At the 1984 Olympic Games in Los Angeles, in the absence of Sergey Bubka because of the Soviet-led boycott of the 1984 Summer Olympics, Quinon, Vigneron and two Americans - Earl Bell and Mike Tully - were the favorites to win the pole vault title. All four of them had cleared 5.80m or higher prior to these Olympic Games. After Bell and Vigneron had missed three consecutive attempts at 5.70m, Quinon and Tully battled each other for the gold medal. Quinon was leading at 5.70m (he had cleared this height on his first attempt) and Tully was in second position at 5.65m when the bar was raised to 5.75m, with Quinon vaulting first. The Frenchman cleared the 5.75m on his first attempt. Although clearing this height would have put Tully in a tie for first place, he elected to pass. Neither man was successful at clearing 5.80m. Quinon thus won the gold medal with a height of 5.75m, becoming the first French Olympic male pole vault champion (the French had never even won a single medal in this event in previous Olympic Games) and the first French Olympic male or female gold medallist in any jumping event. Fernand Gonder won the 1906 Intercalated Games pole vault gold medal, but medals won in those games are not officially recognized by the International Olympic Committee today. This was to be Quinon's only appearance at the Olympic Games. Tully won the silver medal (5.65m), with Vigneron and Bell each receiving a bronze medal (5.60m). Just after winning the Olympic gold medal, Quinon told L'Équipe in an interview, "I had made it my mission to succeed there (at the Olympic Games) where the other Frenchmen had failed." In the same interview, Quinon considered his Olympic title as a "collective reward" and opined that the pole vault training programmes started and carried out by Maurice Houvion (who was the coach of Jean Galfione, the 1996 Olympic pole vault champion, for Galfione's entire pole vaulting career) and Jean-Claude Perrin had borned fruit." 
After the 1984 Olympic Games
On July 16, 1985 at the Meeting Nikaïa de Nice in the French city of Nice, Quinon achieved his outdoor personal best of 5.90 metres, exactly 10 centimetres less than the new, outdoor world record set by Sergey Bubka in Paris only three days earlier. 
An ankle injury sustained in 1986 and other injuries sustained thereafter adversely affected Quinon's pole vault performance in the later years of his career. He never again pole-vaulted at the standard similar to that of the first half of the 1980s. He did not make the cut for the 1988 Olympics pole vault event in Seoul. Philippe Collet, Philippe d'Encausse and Thierry Vigneron were instead selected to represent France at those Olympics.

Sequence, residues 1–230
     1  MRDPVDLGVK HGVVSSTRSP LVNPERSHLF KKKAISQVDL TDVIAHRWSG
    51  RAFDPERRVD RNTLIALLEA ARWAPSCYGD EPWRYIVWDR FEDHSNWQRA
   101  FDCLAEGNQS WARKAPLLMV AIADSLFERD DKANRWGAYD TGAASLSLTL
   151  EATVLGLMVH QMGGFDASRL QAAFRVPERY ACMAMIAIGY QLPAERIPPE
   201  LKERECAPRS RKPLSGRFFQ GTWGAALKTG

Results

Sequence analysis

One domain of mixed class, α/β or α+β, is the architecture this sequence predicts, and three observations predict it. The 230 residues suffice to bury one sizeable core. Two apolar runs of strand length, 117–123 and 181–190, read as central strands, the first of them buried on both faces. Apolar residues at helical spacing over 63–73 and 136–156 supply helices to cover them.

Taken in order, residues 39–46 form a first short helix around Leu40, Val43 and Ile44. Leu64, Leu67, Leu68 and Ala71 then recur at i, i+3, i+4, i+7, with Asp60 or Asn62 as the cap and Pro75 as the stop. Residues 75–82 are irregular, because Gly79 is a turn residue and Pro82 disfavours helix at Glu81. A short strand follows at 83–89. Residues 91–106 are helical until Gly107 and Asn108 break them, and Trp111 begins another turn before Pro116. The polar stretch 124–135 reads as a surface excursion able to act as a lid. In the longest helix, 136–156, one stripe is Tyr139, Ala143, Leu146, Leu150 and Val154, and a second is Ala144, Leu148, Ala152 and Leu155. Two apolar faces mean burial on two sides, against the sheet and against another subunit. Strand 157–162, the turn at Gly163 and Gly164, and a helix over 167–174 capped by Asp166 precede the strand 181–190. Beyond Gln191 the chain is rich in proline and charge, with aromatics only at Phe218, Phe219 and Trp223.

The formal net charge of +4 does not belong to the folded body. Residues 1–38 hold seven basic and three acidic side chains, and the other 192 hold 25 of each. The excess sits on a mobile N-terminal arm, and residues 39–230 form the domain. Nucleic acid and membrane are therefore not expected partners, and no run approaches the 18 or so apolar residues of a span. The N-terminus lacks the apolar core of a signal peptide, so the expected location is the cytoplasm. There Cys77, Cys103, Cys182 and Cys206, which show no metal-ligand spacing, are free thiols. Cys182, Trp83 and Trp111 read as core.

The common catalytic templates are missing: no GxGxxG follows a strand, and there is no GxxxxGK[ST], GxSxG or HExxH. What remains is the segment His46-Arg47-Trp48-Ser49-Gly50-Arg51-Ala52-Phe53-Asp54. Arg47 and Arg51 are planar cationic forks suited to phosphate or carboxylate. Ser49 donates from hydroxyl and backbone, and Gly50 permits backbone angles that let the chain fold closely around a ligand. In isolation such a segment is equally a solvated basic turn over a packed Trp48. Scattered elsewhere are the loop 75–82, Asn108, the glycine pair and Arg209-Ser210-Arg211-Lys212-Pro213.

After his retirement, from 1993 onwards, Quinon settled in the Mediterranean coast of the department of Var , in the communes of Le Lavandou, Bormes-les-Mimosas and then Hyères. He would live in the Var until his death. He went into business - he owned a chicken rotisserie business, running it from a van based in Hyères.
In the late 1990s, Quinon created the 'Sports en lumière' in Bormes-les-Mimosas, in co-operation with its town council. The 'Sports en lumière is an annual sporting event held in Bormes-les-Mimosas that is especially meant for children, during which free workshops on various sports are conducted. 
Quinon acted as an advisor to the French pole vaulter Romain Mesnil in 2004, an experience which Quinon deemed as a "failure" when his protégé failed to qualify for the 2004 Olympic Games pole vault final in Athens.
Quinon did abstract painting during the last five years of his life, starting from 2006. He started painting after a meeting with the artist Colin Raffer in the same year. He stated that he had always been interested in painting and that Nicolas de Staël and Jackson Pollock were his role models who inspired him. He exhibited his works regularly in the Var with some success. The first exhibition of his works in February 2010 was a success.